?

Log in

No account? Create an account

arhyalon

Previous Entry Share Next Entry
10:20 am: Prospero Lost

Just got the blurb on Prospero Lost that my agent is using for publicity purposes. Here it is:

Prospero Lost

 

by L. Jagi Lamplighter

 

In a trilogy of books derived from Shakespeare’s beloved, classic play, The Tempest, L. Jagi Lamplighter creates a uniquely individual style that blends the best elements of Neil Gaiman and C. S. Lewis, Roger Zelazny and Lloyd Alexander while creating a magical world that stretched from contemporary times back through history and into the realms of magic and the fantastic.

 

For many centuries the family of the Dread Magician Prospero have used the mystic arts to defend the frail human world against the untamed supernatural powers of the spirit world....

But now Prospero is missing, his children have quarreled and only the lovely Miranda remains loyal, while the Three Shadowed Ones, servants of Hell, have emerged to hunt them all—for the dark spirits lust after the power contained in their nine magical staffs. Miranda is torn when her long-lost love, Ferdinand, reappears, for if Miranda marries, her siblings will age and die as other men do. Ferdinand’s rival for her hand is the mysterious elf-lord Astreus Stormwind, who promises her wonders, but who cannot be trusted. Only if Miranda discovers the ancient secret of the Sybil, will she be free to choose love without risking the loss of her family.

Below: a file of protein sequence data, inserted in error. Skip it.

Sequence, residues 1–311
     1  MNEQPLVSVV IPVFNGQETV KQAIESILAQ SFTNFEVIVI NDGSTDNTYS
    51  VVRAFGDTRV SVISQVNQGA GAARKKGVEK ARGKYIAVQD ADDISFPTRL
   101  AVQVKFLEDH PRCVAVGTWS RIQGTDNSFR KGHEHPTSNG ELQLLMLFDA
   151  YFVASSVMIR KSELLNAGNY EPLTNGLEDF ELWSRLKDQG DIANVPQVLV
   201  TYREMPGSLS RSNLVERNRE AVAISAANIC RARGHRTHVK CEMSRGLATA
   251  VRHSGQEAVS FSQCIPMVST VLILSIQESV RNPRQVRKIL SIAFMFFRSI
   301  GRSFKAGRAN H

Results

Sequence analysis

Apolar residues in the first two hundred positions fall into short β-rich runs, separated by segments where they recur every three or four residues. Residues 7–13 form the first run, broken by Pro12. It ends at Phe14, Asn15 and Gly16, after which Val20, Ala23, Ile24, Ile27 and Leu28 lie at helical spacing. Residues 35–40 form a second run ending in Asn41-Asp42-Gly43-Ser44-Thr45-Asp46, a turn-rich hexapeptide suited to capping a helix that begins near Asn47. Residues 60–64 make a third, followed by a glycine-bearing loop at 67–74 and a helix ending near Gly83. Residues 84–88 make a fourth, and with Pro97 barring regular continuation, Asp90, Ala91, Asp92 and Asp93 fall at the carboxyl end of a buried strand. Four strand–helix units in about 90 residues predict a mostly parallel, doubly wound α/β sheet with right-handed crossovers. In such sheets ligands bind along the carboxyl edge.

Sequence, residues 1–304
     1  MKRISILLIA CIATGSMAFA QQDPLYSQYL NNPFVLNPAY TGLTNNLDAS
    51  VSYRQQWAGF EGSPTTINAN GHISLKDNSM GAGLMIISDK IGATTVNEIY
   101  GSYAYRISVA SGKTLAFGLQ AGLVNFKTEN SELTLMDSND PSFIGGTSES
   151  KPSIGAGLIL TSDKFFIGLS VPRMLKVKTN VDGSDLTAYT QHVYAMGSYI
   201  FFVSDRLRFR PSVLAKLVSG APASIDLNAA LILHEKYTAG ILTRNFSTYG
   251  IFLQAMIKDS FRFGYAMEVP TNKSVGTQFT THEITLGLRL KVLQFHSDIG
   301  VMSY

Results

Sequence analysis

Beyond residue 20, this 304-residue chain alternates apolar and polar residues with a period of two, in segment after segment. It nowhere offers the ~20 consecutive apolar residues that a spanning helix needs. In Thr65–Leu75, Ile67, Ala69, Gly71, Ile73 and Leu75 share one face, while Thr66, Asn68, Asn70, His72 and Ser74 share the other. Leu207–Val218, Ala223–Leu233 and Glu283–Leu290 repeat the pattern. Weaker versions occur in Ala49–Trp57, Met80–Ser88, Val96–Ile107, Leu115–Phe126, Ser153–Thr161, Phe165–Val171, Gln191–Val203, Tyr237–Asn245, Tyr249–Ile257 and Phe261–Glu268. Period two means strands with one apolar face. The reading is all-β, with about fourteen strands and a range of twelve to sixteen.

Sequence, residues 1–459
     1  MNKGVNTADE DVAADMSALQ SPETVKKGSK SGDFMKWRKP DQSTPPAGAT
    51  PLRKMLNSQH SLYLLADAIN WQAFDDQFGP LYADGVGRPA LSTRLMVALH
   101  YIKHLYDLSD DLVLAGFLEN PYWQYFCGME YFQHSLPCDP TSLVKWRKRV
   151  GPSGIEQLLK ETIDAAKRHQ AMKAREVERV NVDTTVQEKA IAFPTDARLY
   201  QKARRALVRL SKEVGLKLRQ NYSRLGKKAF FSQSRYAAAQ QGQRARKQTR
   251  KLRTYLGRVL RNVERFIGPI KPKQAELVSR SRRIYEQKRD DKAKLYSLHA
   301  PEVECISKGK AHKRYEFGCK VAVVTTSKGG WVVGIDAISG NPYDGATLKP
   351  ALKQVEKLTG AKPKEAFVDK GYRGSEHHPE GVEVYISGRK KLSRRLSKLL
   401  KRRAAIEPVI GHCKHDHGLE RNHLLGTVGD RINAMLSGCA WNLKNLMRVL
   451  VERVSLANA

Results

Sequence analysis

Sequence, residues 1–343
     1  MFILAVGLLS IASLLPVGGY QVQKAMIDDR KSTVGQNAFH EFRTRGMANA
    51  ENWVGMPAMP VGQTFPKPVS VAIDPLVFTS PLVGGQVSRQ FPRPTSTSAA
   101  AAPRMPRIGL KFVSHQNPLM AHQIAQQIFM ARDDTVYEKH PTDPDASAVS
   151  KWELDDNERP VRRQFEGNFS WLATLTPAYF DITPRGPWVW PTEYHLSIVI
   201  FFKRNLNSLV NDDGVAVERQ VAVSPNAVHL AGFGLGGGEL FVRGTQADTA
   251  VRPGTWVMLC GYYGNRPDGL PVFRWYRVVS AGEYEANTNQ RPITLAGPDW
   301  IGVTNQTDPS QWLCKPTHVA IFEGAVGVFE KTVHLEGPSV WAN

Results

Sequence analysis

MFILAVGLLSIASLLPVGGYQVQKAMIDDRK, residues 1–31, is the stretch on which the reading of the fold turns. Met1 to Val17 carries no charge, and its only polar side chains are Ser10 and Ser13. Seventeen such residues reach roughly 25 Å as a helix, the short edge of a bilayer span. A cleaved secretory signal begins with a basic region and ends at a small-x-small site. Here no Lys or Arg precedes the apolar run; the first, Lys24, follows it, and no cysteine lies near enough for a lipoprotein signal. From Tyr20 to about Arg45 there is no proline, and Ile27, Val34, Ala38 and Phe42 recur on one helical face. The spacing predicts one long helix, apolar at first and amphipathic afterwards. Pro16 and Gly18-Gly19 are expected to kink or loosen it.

Miranda must rescue Prospero before Twelfth Night, but she cannot do it alone. With the aid of her company gumshoe, a spirit of the air inhabiting a physical body, she sets out to gather her wayward brothers and sister. Since Mephisto is mad, Titus is missing, and Gregor is dead, this is not going to be easy. Her quest takes Miranda to places as varied as present day Chicago, Prospero’s enchanted island, the North Pole, and, ultimately, Hell itself.

 

Prospero’s Daughter is a tale of action and mystery and humor. It explores the themes of family loyalty and freedom versus slavery in a world of wonder and magic. Written in three volumes, Prospero’s Daughter is a single, intertwined tale. In the course of Miranda’s journey, she uncovers secrets–some disturbing, some glorious–about her family and herself, secrets that rock the very foundation of her world. Suddenly, nothing is as it seemed, and even her own judgment is suspect. Despite this, Miranda must navigate this tangled labyrinth of mysteries and deceptions, if she wishes to save her father and gain her heart’s desire.



Comments

[User Picture]
From:princejvstin
Date:September 29th, 2008 03:08 pm (UTC)
(Link)
I'm there for it :)
[User Picture]
From:capnflynn
Date:September 29th, 2008 04:15 pm (UTC)
(Link)
Yes! I would definitely read this.
[User Picture]
From:arhyalon
Date:September 29th, 2008 05:18 pm (UTC)
(Link)
It's funny, too...at least some of it is funny.

Which is odd, because I'm not funny in real life. Never figured out exactly why I'm funny in print.

(I'll make an exception. On occasion, I've been funny on panels at Conventions...but that's not real life. In real life, I appreciate other people's humor...but I'm not funny myself.)
[User Picture]
From:catholicteacher
Date:September 29th, 2008 07:55 pm (UTC)

Who's funny

(Link)
You may not be that funny ;-P but your characters are. You are enough of a role player, that you get into character when you are writing about them.
[User Picture]
From:jmward14
Date:September 29th, 2008 08:03 pm (UTC)
(Link)
Another step closer to the bookstore shelves! :D Big hugs and hurrahs, Jean Marie
Powered by LiveJournal.com